NDEs and the Bible affirm Universal Salvation-Continued
It is difficult for any honest Christian to conceive of a God of infinite love and mercy who would permit even one soul to be tortured forever in hell. Common sense tells us that a few minutes in hell may be enough for even the hardest of sinners to change their mind and repent. What kind of God creates a person knowing they will ultimately end up tortured forever in hell? Common sense tells us it would be best for God to not even have brought such a person into existence. If even an evil father will treats his children better than this, how much more so God?
"Which of you, if his son asks for bread, will give him a stone? Or if he asks for a fish, will give him a snake? If you, then, though you are evil, know how to give good gifts to your children, how much more will your Father in heaven give good gifts to those who ask him!" (Matthew 7:9-11)
While it is true scriptures describe hell as a place existing forever, NDEs show a person's citizenship there does not. The scripture above suggests God's arm of mercy extends even to those in hell. We will now examine more scriptural evidence. Scripture will be used to support the following points:
A. There is forgiveness in hell for wrongs committed in life.
B.“Fire" is a metaphor used to describe the purification of people in hell.
C. Once a person has been purified by the "fire," they can escape.
D. “Eternal" is a word used to describe the nature of hell, not the length of incarceration.
E.“Fire" is a metaphor used to describe the purification of people on Earth.
F.“Fire" is a metaphor also used to describe God and manifestations of God.
G.“Light" is a metaphor similar to "fire," used to describe God.
H.“Light" is a metaphor also used to describe spiritual knowledge. "Darkness" is spiritual ignorance.
I. "Darkness" is a metaphor also used to describe hell.
J. Darkness" is a metaphor also used to describe the world.
K. Suffering is necessary to attain spiritual perfection in this world and in hell.
Certain conclusions will be drawn from the points listed above. God considers wrongs committed in this world forgiven in this world as God considers them forgiven in heaven and hell. This world and hell are places of purification. This purification is by "fire" and "light," metaphors for spiritual knowledge and God. People in this world and in hell live in "darkness," a metaphor for spiritual ignorance. The world and hell are places of suffering whose purpose is to bring about spiritual perfection through the abandonment spiritual ignorance.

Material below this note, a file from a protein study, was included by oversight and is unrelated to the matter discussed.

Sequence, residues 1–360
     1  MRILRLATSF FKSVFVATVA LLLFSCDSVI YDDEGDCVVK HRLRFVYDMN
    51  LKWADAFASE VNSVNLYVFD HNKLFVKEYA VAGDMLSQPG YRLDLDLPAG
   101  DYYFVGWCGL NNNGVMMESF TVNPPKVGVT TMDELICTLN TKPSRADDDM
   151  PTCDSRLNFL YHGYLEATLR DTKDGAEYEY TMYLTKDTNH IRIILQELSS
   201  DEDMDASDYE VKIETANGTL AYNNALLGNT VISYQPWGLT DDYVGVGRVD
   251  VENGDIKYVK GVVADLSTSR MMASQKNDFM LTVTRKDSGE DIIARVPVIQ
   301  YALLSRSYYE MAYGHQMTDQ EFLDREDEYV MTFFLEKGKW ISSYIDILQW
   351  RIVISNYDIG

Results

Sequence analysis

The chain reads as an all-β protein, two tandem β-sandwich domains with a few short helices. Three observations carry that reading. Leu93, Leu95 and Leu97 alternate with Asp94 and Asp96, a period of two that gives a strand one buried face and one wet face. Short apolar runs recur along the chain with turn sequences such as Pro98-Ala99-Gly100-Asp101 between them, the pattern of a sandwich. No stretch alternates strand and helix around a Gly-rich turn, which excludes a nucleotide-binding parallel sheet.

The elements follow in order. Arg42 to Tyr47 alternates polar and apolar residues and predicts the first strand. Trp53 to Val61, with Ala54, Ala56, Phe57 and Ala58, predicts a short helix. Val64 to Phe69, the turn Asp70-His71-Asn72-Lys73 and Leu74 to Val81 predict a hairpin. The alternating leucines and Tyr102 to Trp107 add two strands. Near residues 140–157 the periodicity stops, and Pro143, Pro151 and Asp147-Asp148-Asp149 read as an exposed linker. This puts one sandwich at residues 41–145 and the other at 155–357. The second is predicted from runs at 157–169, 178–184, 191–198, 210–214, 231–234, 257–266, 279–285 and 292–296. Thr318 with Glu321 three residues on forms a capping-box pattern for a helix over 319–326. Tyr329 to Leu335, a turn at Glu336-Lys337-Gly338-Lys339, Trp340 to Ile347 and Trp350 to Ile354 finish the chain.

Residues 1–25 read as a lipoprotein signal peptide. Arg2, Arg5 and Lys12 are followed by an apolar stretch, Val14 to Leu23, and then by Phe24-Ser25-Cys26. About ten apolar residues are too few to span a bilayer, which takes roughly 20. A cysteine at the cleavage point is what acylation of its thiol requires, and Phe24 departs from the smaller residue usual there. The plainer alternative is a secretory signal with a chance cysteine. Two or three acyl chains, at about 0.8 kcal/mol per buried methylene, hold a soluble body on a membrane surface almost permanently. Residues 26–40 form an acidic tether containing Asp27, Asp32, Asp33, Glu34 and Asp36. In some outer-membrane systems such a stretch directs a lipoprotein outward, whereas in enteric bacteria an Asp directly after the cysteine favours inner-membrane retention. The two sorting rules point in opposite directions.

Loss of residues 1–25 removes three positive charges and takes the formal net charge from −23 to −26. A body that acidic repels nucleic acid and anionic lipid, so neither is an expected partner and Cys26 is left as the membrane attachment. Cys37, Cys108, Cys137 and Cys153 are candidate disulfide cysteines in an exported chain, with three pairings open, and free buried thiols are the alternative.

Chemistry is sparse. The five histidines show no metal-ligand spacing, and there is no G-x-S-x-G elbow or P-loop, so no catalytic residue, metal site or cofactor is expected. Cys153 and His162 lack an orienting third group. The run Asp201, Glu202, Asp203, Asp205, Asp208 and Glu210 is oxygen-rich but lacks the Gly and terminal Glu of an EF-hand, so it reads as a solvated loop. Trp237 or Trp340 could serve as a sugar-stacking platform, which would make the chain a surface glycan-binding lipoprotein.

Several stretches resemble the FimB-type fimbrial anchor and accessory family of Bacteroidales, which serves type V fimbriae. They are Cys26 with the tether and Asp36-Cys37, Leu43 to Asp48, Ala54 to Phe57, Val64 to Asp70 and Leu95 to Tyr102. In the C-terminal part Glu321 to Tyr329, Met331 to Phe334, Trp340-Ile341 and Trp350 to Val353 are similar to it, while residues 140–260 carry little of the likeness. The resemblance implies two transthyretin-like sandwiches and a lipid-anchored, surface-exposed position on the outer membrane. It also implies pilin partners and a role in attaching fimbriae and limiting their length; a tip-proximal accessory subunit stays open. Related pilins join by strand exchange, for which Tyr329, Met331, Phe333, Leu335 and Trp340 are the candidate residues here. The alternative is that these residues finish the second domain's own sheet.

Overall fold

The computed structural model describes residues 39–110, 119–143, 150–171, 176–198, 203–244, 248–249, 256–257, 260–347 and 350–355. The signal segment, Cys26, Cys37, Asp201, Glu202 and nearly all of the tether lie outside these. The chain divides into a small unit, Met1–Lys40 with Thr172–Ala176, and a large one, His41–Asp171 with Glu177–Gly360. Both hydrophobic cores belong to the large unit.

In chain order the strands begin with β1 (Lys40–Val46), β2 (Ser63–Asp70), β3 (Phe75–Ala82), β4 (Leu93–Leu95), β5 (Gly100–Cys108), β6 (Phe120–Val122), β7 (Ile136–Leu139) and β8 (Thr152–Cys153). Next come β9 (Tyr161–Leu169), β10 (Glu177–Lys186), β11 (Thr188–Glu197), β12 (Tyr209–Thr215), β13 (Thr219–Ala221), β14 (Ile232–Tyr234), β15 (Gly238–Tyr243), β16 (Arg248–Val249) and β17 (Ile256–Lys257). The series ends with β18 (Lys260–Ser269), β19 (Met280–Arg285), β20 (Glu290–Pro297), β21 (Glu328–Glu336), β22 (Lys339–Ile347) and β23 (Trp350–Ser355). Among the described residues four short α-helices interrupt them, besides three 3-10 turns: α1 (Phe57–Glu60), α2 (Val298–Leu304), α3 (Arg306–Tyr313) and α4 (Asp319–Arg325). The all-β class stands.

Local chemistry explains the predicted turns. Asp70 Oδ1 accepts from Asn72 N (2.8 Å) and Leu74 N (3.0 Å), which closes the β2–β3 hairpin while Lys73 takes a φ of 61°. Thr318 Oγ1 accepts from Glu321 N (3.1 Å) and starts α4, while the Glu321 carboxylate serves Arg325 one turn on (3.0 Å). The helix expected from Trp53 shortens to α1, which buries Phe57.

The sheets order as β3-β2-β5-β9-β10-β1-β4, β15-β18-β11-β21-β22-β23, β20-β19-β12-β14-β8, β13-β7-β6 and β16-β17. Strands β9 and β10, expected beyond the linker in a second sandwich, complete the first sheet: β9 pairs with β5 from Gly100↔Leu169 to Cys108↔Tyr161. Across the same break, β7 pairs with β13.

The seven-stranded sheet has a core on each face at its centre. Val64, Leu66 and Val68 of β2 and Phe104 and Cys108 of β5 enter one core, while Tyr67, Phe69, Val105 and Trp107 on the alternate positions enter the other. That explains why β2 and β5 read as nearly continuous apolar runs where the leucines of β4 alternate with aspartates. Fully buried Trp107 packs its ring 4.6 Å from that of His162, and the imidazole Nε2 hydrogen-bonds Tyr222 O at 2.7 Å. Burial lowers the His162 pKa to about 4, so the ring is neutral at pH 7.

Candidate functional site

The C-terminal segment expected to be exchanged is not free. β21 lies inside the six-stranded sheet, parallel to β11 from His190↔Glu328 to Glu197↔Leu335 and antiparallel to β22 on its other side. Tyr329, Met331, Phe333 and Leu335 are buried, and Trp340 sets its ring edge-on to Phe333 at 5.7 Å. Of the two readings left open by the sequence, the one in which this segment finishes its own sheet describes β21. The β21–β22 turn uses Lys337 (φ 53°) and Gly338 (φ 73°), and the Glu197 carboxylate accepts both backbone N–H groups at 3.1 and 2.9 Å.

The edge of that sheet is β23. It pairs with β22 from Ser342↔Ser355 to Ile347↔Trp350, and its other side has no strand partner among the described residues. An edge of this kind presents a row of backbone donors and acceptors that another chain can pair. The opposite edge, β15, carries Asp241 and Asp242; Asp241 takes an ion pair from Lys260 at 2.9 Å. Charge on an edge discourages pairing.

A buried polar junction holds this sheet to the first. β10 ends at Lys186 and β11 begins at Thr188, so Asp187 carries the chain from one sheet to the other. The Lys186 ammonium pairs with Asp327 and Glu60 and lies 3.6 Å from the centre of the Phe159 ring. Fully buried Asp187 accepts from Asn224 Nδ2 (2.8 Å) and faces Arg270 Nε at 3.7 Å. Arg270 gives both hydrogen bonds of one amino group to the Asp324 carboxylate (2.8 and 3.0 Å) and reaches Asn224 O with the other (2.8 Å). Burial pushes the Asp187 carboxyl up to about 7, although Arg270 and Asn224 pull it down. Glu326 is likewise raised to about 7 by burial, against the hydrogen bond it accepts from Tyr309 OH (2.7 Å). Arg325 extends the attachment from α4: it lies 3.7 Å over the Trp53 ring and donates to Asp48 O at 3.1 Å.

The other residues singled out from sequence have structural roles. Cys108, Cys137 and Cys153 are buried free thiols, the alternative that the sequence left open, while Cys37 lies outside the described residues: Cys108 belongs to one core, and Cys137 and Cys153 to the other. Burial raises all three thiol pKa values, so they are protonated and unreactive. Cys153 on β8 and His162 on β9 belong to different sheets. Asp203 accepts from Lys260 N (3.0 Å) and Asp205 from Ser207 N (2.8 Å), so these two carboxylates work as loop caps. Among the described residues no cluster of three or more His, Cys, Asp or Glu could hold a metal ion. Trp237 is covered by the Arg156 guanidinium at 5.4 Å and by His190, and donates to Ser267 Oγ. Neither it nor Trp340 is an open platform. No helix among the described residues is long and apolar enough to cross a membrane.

Now let's examine each point one by one.
A. There is forgiveness in hell for wrongs committed in life.
"And whosoever shall speak a word against the Son of man, it shall be forgiven him: but he that shall speak against the Holy Spirit, it shall not be forgiven him, neither in this world, nor in the world to come." (Matthew 12:32)
It is one thing to be forgiven for an offense in one world, and it is a different thing to be forgiven for the same offense in a different world -- meaning life after death. This verse only makes sense if the possibility of wrongs being forgiven after death is true. In other words, if all wrongs committed in this world could not be forgiven in the world to come, then why single out a particular wrong by saying it cannot be forgiven in the world to come? This would only make sense if sins other than speaking against the Holy Spirit were forgivable in the world to come.
Here's another scripture verse suggesting a way of redemption after death: